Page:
A state Supreme Court judge has ruled in favor of Oyster Bay Town, blocking an effort by the owner of a former Hampton Inn hotel on Jericho Turnpike to convert it to a transitional housing facility for about 80 homeless families.
The ruling came nearly two months after the plan became public, prompting multiple rallies from mainly opponents — who said it lacked transparency and could further crowd the school district — and questions from Nassau County legislators.
Supporters reiterated the benefits the facility would offer families in crisis, including services that would help them find permanent housing.
On Monday, State Supreme Court Justice Arthur M. Diamond, ruling from Mineola, granted a preliminary injunction that ordered the property owner to halt construction and use of the property as a homeless shelter. The judge rejected the defendant’s argument that state law preempts local zoning regulations when it comes to establishing a care facility for the homeless.
"There is not any authority, either statutory or case law, in support of the proposition that this interest allows an operator to locate a facility anywhere it can obtain a contract to do so without even attempting to adhere to local zoning and use laws," Diamond wrote.
The judge also said the temporary restraining order he put in place in August to stop the conversion will "remain in full force," pending further notice from the court.
"The preliminary injunction granted by the court is great news and recognizes the town’s legal authority to regulate local development," Oyster Bay Town Supervisor Joseph Saladino wrote Wednesday in an emailed statement.
In early August, Oyster Bay sued 120 Westend LLC, which purchased the property at 120 Jericho Tpke. in July for $13.5 million, alleging that converting the property into a shelter would violate the town’s zoning codes.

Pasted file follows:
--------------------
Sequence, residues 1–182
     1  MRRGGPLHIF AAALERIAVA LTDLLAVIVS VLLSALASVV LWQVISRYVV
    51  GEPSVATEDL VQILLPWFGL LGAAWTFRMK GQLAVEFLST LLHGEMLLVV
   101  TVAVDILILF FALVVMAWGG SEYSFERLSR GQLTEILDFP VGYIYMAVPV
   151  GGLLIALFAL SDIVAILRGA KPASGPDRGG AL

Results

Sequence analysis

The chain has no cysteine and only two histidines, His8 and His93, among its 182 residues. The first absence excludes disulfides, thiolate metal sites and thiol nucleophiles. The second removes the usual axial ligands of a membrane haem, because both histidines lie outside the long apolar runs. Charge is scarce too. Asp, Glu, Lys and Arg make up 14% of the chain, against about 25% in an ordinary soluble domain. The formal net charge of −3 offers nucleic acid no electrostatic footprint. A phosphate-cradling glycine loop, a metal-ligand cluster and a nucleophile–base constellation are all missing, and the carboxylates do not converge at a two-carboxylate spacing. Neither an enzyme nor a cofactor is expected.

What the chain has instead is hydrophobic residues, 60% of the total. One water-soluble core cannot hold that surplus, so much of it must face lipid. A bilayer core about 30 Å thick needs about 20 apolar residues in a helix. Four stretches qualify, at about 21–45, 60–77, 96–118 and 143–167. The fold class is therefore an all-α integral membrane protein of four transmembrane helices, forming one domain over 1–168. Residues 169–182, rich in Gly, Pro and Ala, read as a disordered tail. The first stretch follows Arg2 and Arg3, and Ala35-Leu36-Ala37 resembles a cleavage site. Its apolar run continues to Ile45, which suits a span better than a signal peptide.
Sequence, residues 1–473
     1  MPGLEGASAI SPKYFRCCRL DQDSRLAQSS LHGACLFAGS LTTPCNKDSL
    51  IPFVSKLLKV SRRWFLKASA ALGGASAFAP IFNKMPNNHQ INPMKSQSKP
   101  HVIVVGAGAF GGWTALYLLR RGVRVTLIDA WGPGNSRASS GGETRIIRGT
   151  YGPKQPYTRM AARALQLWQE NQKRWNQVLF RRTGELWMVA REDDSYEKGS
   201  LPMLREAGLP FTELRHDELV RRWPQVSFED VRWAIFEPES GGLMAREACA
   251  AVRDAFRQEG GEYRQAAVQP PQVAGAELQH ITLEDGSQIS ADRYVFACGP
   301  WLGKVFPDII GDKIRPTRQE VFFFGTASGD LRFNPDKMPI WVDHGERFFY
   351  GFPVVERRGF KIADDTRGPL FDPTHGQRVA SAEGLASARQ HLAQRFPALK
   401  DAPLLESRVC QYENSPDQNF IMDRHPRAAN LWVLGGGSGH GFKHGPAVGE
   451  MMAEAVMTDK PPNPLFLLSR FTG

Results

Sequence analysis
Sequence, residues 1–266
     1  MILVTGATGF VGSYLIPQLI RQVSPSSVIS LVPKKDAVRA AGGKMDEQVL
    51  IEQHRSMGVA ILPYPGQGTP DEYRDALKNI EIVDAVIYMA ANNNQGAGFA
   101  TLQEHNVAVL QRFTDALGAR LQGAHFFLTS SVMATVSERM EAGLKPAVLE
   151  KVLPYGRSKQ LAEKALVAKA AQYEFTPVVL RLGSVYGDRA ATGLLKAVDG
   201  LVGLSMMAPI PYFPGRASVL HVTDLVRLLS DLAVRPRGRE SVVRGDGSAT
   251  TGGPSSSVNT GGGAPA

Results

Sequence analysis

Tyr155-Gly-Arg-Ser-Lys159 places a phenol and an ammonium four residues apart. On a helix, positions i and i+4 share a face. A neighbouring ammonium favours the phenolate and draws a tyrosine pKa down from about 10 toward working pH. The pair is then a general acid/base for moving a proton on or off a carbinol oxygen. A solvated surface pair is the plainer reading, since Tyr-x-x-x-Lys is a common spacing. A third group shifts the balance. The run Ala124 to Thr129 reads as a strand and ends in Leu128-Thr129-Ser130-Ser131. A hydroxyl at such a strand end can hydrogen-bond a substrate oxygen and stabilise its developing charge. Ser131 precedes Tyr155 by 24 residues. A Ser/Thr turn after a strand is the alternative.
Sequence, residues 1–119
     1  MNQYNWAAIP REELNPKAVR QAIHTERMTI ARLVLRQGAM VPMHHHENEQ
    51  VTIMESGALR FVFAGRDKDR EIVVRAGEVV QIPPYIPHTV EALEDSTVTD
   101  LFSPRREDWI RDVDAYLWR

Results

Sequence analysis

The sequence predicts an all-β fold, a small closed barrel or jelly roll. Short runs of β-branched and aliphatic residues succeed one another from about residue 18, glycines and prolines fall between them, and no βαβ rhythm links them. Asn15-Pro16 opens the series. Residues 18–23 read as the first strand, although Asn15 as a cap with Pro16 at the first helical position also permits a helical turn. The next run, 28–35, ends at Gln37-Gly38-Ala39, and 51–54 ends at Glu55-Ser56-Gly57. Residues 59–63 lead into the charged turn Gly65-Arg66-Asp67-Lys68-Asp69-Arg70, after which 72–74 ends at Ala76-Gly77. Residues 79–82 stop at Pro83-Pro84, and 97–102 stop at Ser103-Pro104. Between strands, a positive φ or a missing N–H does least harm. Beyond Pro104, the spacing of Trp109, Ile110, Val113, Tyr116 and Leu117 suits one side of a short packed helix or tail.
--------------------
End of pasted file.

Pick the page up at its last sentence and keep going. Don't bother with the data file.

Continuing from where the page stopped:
The facility was to be operated by Community Housing Innovations Inc., a nonprofit that has offices in White Plains and Patchogue, with funding from the New York State Office of Temporary and Disability Assistance.
Alexander Roberts, the nonprofit’s executive director, called the ruling "very disappointing."
"The judge’s ruling throws out decades of precedents that the state preempts local zoning," Roberts said. "Based on his logic, none of the approximately 100 homeless shelters on Long Island would be legal because they have no local use permits."
Attorneys for the property owner did not respond to a request for comment.
The community group Concerned Jericho Parents held a rally Wednesday morning at the former hotel site to celebrate the court ruling.
"We really feel vindicated by the judge’s decision," said Marc Albert, a member of the group, in a phone interview. "You can’t just come into a town and completely disregard the town’s laws that have been set forth to protect the safety of this community as this developer did."